There’s nothing like a bit of warmth from Down Under to get the party started in summer-starved Quebec. On tour to promote their latest album, Steal the Light, The Cat Empire brings its signature fusion style to Montreal, Sherbrooke, and Quebec City to kick off spring with unbeatable beats, great lyrics, and an irresistable Afro-Cuban-Caribbean-Spanish-reggae-ska-hip-hop-jazz-rock feel.
I got a chance to chat with frontman Felix Riebl before the band left Australia. We talked about Steal the Light, how the Empire’s style has evolved, and why the band loves Montreal so much.
Nancy Berman (NB): Tell me about Steal the Light and your upcoming tour.
Felix Riebl (FR): We haven’t been to North America for over a year so we’d really like to celebrate the new album over there. In terms of albums that translate well from studio to stage Steal the Light works really well so we’re excited about this tour.
NB: On the new album you can still hear the Cuban and Spanish and other influences that were so obvious on Two Shoes, but they seem more seamlessly integrated on Steal the Light, a little less raw than on Two Shoes.
FR: There was something about taking really obvious fragments of other styles and combining them all in a song. But now we’ve done a lot of concerts; the songs are like instruments, where the grains of wood change and adapt to how you play. Now we don’t have as many obvious influences — they’re more amalgamated into our own personal style. I feel more and more that we’re sounding like us. Having said that, on Steal the Light there’s something on it we love about the rough strange Caribbean rhythms. They sound like Caribbean disco albums from the ‘70s. We’ve managed to capture some of that energy — not the specific style, but rather the intent behind it. We’ve found some rougher sounds, stranger hooks. There’s a bit of that wildness in the new album.
NB: How has your style evolved?
FR: Cities was so layered; we worked for a year on that album, traveled around a lot, focused a lot on detail and production. With Two Shoes we wanted to do something really raw, so we went to Cuba and recorded it in an old shoe factory. So by the time we got to Steal the Light, we had learned so much from so many different people. It was great working on Steal the Light. We really like the level of production, and it sounds great live. We did add some touches in the studio like layered horns and double vocals, which give it a more grand, ethereal feeling.
NB: Do you usually set out to go in a certain cultural direction with a song, or does it evolve organically?
FR: It changes as we work on it. I like to go for atmosphere, and to start with a good chorus. For the verses, as long as we have a rough melody to begin with, that’s enough. Then the band jams, plays for a while till we stumble across verses that work.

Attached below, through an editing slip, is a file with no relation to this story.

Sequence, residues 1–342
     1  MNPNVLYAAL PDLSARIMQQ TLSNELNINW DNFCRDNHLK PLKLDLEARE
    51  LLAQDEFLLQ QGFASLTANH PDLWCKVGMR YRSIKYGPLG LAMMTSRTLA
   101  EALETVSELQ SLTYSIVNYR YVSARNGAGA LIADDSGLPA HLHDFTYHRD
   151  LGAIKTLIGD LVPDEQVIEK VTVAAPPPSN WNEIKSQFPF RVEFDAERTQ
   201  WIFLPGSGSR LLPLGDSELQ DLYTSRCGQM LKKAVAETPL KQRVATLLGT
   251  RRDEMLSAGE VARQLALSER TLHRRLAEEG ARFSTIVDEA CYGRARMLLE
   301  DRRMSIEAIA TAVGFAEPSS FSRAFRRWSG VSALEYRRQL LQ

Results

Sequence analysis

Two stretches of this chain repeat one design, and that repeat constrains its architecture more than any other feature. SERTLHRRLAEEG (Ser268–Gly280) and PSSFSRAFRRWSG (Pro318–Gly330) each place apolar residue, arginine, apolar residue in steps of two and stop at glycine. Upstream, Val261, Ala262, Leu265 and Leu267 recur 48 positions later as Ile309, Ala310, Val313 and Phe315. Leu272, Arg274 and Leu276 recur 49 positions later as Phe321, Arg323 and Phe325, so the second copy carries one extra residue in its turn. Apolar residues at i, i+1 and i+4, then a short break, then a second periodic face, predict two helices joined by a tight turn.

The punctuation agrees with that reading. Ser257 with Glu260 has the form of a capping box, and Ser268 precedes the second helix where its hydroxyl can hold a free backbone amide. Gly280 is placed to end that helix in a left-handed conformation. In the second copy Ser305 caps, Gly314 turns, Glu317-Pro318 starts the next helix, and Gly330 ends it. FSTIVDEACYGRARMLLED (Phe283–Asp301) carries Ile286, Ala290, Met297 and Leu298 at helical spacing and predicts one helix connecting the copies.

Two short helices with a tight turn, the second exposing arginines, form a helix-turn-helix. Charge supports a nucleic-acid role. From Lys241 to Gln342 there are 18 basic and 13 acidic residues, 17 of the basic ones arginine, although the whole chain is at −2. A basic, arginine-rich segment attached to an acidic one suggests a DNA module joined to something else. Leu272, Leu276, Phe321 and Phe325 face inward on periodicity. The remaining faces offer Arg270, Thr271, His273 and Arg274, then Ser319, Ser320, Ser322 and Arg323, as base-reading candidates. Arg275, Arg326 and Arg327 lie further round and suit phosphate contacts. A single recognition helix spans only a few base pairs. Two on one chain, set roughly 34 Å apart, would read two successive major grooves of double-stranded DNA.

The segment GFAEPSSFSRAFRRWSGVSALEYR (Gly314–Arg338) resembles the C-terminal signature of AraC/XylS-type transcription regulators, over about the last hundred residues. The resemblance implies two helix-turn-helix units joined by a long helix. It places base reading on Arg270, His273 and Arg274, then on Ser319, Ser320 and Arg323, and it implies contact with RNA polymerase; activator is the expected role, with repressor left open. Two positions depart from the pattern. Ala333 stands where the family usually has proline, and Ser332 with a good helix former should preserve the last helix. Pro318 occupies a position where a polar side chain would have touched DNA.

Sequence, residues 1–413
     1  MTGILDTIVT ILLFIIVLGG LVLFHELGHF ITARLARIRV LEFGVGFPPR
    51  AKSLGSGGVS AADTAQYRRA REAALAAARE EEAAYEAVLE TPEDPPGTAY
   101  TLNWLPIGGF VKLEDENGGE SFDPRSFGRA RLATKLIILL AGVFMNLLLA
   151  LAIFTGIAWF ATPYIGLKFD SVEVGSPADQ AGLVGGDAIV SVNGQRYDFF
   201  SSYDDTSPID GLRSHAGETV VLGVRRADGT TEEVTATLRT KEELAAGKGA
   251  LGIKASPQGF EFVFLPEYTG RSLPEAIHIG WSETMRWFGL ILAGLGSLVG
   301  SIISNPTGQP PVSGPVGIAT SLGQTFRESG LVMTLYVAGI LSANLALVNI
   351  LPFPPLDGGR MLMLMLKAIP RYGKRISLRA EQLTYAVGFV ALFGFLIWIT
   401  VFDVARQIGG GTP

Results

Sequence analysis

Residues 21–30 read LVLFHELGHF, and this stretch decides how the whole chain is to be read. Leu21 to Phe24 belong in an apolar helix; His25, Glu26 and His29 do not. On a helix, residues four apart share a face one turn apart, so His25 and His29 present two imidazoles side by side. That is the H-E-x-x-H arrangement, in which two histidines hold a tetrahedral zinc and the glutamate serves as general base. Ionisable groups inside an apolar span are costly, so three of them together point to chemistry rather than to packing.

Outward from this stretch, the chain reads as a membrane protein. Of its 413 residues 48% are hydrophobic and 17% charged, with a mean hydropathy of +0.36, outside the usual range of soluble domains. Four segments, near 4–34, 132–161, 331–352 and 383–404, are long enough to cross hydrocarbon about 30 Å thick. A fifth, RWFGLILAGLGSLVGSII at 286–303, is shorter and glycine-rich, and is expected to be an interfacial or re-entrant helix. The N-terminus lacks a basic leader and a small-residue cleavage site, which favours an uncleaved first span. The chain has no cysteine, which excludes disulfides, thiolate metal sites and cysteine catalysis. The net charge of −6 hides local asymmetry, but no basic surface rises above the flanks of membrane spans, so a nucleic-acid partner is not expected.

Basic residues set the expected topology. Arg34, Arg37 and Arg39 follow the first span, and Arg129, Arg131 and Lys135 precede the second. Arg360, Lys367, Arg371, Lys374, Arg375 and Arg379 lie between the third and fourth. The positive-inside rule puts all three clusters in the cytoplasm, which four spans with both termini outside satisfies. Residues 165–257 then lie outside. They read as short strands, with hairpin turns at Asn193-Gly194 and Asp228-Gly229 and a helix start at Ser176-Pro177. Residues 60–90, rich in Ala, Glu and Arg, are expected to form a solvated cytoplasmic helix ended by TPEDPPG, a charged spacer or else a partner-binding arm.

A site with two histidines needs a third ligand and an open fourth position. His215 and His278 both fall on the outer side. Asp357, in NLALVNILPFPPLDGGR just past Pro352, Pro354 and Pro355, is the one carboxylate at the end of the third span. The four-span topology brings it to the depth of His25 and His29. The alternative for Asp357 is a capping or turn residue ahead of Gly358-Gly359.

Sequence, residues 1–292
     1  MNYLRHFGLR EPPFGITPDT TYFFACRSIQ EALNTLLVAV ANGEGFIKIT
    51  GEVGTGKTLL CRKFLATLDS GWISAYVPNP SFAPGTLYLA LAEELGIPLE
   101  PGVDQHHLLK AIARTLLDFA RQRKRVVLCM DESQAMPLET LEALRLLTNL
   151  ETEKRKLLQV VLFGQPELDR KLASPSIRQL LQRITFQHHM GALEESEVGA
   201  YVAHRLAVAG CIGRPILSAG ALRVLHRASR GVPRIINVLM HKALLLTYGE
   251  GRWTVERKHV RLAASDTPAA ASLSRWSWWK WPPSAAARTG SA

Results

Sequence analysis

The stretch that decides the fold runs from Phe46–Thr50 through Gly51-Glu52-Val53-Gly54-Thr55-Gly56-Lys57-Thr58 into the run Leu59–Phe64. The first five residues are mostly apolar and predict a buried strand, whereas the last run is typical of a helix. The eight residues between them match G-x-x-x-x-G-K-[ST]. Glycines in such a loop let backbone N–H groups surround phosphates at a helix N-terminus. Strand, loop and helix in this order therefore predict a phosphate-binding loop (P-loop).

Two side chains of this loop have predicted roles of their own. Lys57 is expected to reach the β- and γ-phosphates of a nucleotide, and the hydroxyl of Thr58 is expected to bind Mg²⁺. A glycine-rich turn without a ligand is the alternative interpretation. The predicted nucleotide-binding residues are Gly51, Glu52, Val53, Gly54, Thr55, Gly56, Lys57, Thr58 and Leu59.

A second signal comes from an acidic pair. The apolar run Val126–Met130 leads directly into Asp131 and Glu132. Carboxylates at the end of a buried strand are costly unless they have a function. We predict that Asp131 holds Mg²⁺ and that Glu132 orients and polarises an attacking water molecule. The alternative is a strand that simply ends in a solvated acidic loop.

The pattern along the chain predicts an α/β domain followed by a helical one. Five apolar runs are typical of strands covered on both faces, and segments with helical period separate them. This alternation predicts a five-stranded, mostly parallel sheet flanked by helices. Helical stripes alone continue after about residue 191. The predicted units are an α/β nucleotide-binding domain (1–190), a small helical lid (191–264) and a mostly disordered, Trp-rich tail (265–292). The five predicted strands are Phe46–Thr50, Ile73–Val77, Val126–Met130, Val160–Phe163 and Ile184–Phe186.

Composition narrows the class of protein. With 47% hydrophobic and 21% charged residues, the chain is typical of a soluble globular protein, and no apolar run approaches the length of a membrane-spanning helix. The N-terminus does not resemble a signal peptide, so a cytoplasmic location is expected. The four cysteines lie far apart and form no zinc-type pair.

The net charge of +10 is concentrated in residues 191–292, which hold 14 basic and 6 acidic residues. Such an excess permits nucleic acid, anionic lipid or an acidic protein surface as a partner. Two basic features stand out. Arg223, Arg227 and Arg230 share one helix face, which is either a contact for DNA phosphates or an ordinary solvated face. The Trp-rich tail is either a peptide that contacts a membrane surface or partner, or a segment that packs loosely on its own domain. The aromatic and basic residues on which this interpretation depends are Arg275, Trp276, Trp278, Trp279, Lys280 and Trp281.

We used to start with more realized ideas, with songs that we finished ahead of time, like on Two Shoes. But now I’m more interested in the gaps, the fragments, the parts that aren’t done, that’s where something interesting emerges. I like to start with simple melodies that practically play themselves, and then strange things emerge from the group once we start jamming. There are no rules but between the two extremes (having concrete ideas and leaving things up to chance) good things emerge.
NB: Do you start with the lyrics or the music?
FR: When I’m lucky I start with lyrics. But usually they’re the hardest part. You can’t write a lot and edit it back; lyrics are hard to come by. When they come it’s great. Usually I start with a hook, a turn, a harmony I find interesting, hopefully a chorus with lyrics or even just a set of syllables that will eventually turn into a lyric.
NB: Who composes?
FR: I do most of the composition. Eric’s done a lot. We have some group compositions, like Sleep Won’t Sleep. We’ve gone through a real transformation. With a group of talented musicians with great chemistry between them, usually they bastardize my original ideas and most of the time they improve them!
NB: You’re in the studio now. What are you working on?
FR: We’re keeping an open mind musically. We’ve recorded seven songs. Everyone’s on the same page in the studio but we’ll have to see. We’ll be making an album over the next year with a 2016 release.
NB: Do you like playing in Quebec?
FR: We’re really excited to be back in Quebec. We have a lot of friends there, but more than that we have a great following, really exuberant. So we can avoid the trap that you can fall into on tour — repetition. Because people in Quebec and especially Montreal really love us.
Truer words were never spoken. So listen to your corazón, and get your tickets ASAP.
Cat Empire plays Metropolis on April 10 and 11 at 8:30pm, Tickets $34.50-44 at Metropolis.